We were hoping to get good layers, but these were all that we could come across this late in the spring without ordering from a mail order source.  And selling little ducklings may be a nice little side business for one of the children.

The primary reason we wanted to get ducks (well, really their cuteness is a major attraction!) but from a homesteading point of view, was to help get our pond in a more natural balance.   Right now we have huge populations of frogs with clumps of frog eggs all over.  And do you know who likes frog eggs?  Leeches!  Yeck!!  
So, ducks will eat small frogs and I am guessing the little tadpoles too.
I also read duck droppings encourage microscopic pond life that hold back algae.   How cool is that? 

They also forage in gardens, at least that is what I have read, and eat slugs and bugs.

Thursday, April 25, 2013

These Days

Hoping the days of hats and boots are just about over.

I brought these five to Johnson State yesterday to see their oldest brother play Jack in the musical, 
Into the Woods. (of course I thought he was terrific)

The view from the campus of Johnson State...

This large plastic tube has seen so many uses.  The newest has been rolling golf balls around the interior - physics right?

Another season passes...
 maybe this is morbid but I sometimes get sad when a seasonal ritual is over - wondering how many more I will be blessed to witness and share in.

How are things these day with you?
Warm wishes,

Wednesday, April 24, 2013

Knitting and Reading

I am starting the final color of my blanket - a deep purple, Porterfield Plum, from Peace Fleece.  Hoping to get it done while the weather is still cool.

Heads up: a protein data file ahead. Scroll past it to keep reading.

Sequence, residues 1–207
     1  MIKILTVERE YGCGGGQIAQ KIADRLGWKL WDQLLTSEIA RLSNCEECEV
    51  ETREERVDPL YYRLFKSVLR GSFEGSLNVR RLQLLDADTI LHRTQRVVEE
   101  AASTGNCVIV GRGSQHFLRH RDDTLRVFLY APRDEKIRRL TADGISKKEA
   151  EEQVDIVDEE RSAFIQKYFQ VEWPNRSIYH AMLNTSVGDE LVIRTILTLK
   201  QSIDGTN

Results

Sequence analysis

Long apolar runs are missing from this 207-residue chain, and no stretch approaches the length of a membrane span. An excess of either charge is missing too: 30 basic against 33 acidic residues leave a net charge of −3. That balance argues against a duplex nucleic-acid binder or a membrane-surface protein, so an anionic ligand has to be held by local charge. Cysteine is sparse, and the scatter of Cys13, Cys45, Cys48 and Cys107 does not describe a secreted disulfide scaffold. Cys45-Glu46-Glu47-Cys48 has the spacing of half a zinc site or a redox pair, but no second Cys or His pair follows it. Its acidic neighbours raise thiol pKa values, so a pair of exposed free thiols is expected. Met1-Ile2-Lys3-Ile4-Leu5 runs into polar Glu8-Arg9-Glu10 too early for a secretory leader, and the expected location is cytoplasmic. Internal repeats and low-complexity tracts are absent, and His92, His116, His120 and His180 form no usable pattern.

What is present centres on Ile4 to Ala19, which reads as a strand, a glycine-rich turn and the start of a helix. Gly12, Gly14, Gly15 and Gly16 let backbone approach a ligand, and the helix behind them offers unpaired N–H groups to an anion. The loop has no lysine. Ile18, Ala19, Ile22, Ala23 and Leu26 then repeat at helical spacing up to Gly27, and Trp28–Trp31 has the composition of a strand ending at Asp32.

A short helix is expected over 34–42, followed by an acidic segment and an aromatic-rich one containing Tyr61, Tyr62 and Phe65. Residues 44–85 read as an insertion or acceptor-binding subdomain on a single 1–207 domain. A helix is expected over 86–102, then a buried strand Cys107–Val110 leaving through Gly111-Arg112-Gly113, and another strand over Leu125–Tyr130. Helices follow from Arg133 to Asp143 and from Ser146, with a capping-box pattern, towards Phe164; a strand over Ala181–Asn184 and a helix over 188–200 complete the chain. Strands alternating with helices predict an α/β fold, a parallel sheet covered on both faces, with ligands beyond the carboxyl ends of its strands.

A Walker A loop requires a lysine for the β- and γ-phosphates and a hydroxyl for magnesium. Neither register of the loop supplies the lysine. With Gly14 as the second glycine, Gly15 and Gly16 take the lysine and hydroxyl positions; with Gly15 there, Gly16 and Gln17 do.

I borrowed this book from the library and am really enjoying it - short essays from quilters- some nostalgic and some funny but all make me want to learn more about quilting and do it.

Joining in with Ginny today and looking forward to finding out what you are knitting and reading.

Warm wishes,

Tuesday, April 23, 2013

Get Real - Learning at Home

(All of the above were a result of self-directed activities, not assignments.)

A blogging friend, Adrie, and I happened to both be wondering how the other "did it all".  This conversation led to this six-week series, "Get Real".   Seven women (all of us mothers) from different parts of the United States with different views and beliefs, but with so much more in common, are sharing our voices each week.  This week we share about work and creativity.

We have learned at home together now for over 19 years - since the day our oldest was born:)

Our learning has looked differently throughout the years, but one underlying belief remains - that children don't actually learn unless they are interested, engaged, and preferably intrinsically motivated. 

Do I always follow my unschooling instincts?  No --- far too often I let fear creep in.  You would think after doing this for so long I would be confident that children learn what they need to when they need to.  (I really do believe this!)     I worry that they won't develop self-discipline if I don't set daily expectations, or if they choose to go to college I need to at least present them with the basics.  I worry that if I don't meet the state's expectations, we will get into trouble.

So, I compromise my beliefs.  We have an abbreviated more formal home learning that can be completed in a short amount of time and then the rest of the day is filled with self-directed, interest-led learning, fun, play, etc. and some around the home expectations such as gather firewood and a couple of chores.

I desire each of our children to develop a love of learning,  a passion for utilizing the gifts God has given them.   For the most part I can see this happening but then there are days where I will hear, "I hate school work," and I just want to throw that part of our day out the window because deep down I know that isn't how it should be because learning should never be misery.

One of my favorite home learning inspirations is Renee at Fimby.  

Joining in today with ~

Monday, April 22, 2013

Mom, I Had a Really Good Dream Last Night....

"I dreamed that Nolan gave me his laptop and I changed the password to Abe," said five year old Abraham this morning, referring to his 17 year old brother.